Let $R<S$ be an extension of commutative rings with identities (i.e. $R$ is a subring of $S$). We say $s_1,s_2,...,s_k$ are algebraically independent over $R$ iff there is no polynomial $f\in R[x_1,...,x_k]$ such that $f(s_1,...,s_k)=0$

let $n,M$ be positive integers (where $n>1$), and set $R=\mathbb{Z}_n$ and $S=\mathbb{Z}_n[x_1,x_2,...,x_M]$ (So $R$ is viewed as the ring of constant polynomials in $S$). Let $s_1,...,s_k\in S$ be algebraically independent over $R$.

Question 1: If $n$ is prime (so $R$ is a field now), must we have $k\leq M$ ? I think the answer is yes and it follows from steinitz theory of dependence relations. I can not trust myself though, because I read about this long time ago and I forgot the exact statements of the theorems of steinitz theory.

Now here is the question that I am more interested about

Question 2: If $n>1$ is just a positive integer (not necessarily prime), must we have $k\leq M$ ?

Thank you a lot.

Edit: $\mathbb{Z}_n$ means $\{0,1,...,n-1\}$ under addition and multiplication modulo $n$

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    $\begingroup$ By $\mathbb{Z}_n$, do you mean the projective limit (over $k$) of $\mathbb{Z}/n^k\mathbb{Z}$, or $\mathbb{Z}/n\mathbb{Z}$? $\endgroup$ – YCor Apr 3 '17 at 22:19
  • $\begingroup$ @YCor I mean $\mathbb{Z}/n\mathbb{Z}$ $\endgroup$ – Amr Apr 3 '17 at 22:31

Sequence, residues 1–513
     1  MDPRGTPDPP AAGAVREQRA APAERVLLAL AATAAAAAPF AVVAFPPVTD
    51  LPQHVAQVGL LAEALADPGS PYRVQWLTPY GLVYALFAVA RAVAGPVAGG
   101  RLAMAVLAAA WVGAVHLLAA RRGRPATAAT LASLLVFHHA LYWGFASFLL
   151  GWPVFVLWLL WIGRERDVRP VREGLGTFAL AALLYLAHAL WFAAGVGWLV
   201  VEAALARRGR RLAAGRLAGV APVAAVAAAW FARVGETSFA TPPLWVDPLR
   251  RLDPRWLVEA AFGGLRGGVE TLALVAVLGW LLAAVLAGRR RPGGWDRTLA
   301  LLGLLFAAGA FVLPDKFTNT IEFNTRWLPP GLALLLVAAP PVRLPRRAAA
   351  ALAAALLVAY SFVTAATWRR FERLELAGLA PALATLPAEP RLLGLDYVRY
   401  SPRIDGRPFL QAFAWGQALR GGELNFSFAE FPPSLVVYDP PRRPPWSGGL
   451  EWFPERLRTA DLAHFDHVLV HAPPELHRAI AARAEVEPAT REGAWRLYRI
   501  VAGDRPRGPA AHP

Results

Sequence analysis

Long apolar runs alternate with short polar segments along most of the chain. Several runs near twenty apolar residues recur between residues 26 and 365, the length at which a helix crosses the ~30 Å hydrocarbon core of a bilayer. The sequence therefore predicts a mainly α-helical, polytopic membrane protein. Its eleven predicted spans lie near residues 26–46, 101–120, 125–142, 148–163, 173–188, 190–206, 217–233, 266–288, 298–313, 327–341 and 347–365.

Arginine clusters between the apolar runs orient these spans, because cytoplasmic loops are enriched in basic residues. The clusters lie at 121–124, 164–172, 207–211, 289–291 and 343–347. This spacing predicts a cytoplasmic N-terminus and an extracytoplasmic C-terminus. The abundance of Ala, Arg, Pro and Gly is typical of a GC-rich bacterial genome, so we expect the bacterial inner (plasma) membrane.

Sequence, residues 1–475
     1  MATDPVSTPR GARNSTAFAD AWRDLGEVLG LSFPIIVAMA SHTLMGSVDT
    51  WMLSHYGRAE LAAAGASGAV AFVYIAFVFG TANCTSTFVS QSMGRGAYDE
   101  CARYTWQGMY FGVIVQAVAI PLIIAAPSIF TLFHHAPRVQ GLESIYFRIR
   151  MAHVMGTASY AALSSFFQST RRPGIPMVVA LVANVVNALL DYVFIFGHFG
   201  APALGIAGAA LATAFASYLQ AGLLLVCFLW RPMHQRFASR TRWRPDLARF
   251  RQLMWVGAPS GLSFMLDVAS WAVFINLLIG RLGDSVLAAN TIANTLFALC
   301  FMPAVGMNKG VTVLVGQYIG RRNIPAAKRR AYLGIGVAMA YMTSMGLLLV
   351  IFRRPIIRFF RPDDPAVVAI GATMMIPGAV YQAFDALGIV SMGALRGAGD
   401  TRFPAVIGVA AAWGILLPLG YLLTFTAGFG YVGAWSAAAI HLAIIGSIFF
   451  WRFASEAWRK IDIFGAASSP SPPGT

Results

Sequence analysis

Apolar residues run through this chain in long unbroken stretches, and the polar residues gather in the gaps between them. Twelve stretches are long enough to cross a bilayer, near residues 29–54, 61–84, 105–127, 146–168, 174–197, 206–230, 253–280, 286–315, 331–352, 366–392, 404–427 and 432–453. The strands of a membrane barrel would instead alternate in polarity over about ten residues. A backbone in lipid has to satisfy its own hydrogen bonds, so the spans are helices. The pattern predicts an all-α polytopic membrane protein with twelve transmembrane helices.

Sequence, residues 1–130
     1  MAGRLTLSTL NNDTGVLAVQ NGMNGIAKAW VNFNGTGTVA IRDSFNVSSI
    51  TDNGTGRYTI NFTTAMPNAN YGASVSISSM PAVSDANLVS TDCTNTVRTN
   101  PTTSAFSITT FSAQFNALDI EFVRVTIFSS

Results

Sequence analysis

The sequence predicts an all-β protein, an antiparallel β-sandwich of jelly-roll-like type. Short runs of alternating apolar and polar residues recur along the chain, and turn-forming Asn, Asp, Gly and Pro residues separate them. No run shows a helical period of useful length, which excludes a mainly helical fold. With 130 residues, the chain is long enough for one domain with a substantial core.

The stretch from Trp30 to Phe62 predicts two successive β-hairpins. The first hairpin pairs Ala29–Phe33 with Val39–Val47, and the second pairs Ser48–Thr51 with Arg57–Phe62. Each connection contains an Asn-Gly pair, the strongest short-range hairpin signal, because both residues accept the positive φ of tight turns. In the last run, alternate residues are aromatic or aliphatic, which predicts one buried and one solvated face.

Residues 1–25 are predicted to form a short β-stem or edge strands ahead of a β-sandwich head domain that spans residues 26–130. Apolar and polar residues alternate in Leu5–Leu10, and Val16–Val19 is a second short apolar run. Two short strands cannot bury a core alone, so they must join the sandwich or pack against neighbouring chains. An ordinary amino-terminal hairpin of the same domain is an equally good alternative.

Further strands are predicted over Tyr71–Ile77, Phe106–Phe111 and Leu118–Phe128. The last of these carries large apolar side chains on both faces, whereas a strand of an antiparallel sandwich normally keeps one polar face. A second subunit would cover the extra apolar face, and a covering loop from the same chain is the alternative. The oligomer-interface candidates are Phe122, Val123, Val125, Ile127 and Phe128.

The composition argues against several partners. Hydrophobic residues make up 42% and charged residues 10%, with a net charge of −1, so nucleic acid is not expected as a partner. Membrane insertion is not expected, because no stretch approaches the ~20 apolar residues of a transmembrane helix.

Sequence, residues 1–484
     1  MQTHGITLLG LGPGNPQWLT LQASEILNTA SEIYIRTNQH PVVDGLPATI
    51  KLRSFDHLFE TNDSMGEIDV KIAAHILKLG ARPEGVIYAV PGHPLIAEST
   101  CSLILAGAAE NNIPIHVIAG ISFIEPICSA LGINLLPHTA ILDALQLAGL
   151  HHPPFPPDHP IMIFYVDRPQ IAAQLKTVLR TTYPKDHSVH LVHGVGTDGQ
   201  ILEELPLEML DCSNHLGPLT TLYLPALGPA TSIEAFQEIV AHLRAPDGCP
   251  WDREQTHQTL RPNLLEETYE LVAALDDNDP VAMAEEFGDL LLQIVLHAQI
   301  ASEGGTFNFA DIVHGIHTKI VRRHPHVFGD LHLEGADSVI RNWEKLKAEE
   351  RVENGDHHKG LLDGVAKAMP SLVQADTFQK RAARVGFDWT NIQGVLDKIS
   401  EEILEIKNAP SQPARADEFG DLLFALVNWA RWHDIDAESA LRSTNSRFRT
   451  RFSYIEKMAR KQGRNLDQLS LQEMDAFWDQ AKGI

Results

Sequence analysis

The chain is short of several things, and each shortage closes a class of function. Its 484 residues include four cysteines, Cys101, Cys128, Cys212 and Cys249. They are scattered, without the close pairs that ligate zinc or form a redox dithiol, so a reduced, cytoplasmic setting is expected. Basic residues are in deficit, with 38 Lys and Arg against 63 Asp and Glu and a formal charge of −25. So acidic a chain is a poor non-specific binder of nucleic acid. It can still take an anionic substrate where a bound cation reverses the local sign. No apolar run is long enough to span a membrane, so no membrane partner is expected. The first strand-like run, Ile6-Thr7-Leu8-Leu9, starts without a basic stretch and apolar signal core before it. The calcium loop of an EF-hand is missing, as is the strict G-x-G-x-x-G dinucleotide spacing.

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    $\begingroup$ Do you really want to consider $\sqrt{2}$ and $\sqrt{3}$ to be algebraically independent over $\Bbb{Q}$? I don't think that's the standard definition. $\endgroup$ – Axel Boldt Apr 3 '17 at 22:39
  • $\begingroup$ @AxelBoldt Thank you a lot. I formalized my intuition in an incorrect way. I will modify my question $\endgroup$ – Amr Apr 3 '17 at 22:41
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    $\begingroup$ This holds over any nontrivial commutative ring. It is a particular case of Theorem 2 in my post mathoverflow.net/a/144625 (indeed, it is the case when $C' = B $). $\endgroup$ – darij grinberg Apr 4 '17 at 4:22

If $p$ is prime and $s_1,\ldots,s_k \in \mathbb{F}_p[x_1,\ldots,x_M]$ are algebraically independent, then we must have $k\leq M$ since the field $\mathbb{F}_p(s_1,\ldots,s_k)$ is of transcendence degree $k$ over $\mathbb{F}_p$ and included in $\mathbb{F}_p(x_1,\ldots,x_M)$ which is of transcendence degree $M$.

Now in general, $s_1,\ldots,s_k$ being algebraically independent over $R$ means that the family of their monomials $s_1^{i_1}\cdots s_k^{i_k}$ (for $\underline{i}$ ranging over $\mathbb{N}^k$) is linearly independent over $R$.

Over $R = \mathbb{Z}/n\mathbb{Z}$ where $n$ is composite (please don't write $\mathbb{Z}_n$ for $\mathbb{Z}/n\mathbb{Z}$), when $n$ is squarefree, the problem is easily reduced to $n$ prime by the Chinese remainder theorem: if $n=p_1\cdots p_r$ then $\mathbb{Z}/n\mathbb{Z} = \mathbb{F}_{p_1} \times \cdots \times \mathbb{F}_{p_r}$ and the same holds rings of polynomials of $M$ variables thereof, and linear independence is checked componentwise.

Over $R = \mathbb{Z}/p^v\mathbb{Z}$, if I am not mistaken, elements $z_1,\ldots,z_N \in R^n$ are $R$-linearly independent iff their reduction mod $p$ (in $\mathbb{F}_p^n$) are $\mathbb{F}_p$-linearly independent (as seen by multiplying the coefficients by the appropriate power of $p$). So the same conclusion should hold for algebraic independence of polynomials.


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